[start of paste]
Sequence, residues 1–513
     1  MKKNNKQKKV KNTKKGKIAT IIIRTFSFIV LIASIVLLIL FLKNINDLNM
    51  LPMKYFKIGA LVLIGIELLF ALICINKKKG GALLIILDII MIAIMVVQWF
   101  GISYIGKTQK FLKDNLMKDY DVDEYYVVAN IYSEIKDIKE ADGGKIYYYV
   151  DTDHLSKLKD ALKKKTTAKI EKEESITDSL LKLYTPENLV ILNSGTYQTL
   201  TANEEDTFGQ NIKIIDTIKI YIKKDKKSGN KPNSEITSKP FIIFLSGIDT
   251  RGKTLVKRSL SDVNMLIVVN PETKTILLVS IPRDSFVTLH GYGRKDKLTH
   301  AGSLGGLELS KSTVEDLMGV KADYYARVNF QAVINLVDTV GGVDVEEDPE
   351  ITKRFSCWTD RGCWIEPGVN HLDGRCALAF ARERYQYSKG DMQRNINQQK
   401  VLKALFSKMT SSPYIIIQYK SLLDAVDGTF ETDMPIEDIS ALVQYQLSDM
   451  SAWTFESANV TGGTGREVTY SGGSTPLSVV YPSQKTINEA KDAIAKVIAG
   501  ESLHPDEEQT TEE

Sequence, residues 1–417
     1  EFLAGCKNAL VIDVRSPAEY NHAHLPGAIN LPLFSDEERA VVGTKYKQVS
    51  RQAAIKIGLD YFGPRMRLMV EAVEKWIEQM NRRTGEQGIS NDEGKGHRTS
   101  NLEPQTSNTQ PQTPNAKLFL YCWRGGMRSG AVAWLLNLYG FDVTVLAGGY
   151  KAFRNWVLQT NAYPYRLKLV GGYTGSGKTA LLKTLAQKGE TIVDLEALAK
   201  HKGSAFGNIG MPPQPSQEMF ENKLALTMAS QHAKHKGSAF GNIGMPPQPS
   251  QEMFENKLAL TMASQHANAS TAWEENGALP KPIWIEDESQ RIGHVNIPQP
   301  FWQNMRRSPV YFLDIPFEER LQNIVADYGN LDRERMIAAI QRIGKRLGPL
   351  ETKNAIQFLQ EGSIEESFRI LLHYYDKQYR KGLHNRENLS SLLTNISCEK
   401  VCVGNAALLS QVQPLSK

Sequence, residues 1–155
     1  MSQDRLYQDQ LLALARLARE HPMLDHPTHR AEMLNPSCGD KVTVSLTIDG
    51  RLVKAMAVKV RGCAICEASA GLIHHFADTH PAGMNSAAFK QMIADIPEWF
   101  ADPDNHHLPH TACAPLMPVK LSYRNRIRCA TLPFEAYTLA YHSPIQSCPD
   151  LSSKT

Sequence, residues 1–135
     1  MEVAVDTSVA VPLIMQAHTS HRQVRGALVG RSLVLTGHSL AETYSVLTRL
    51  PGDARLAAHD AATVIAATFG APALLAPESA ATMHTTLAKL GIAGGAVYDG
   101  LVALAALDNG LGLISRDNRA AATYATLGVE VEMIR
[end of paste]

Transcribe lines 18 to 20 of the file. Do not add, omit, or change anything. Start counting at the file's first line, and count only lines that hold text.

   201  HKGSAFGNIG MPPQPSQEMF ENKLALTMAS QHAKHKGSAF GNIGMPPQPS
   251  QEMFENKLAL TMASQHANAS TAWEENGALP KPIWIEDESQ RIGHVNIPQP
   301  FWQNMRRSPV YFLDIPFEER LQNIVADYGN LDRERMIAAI QRIGKRLGPL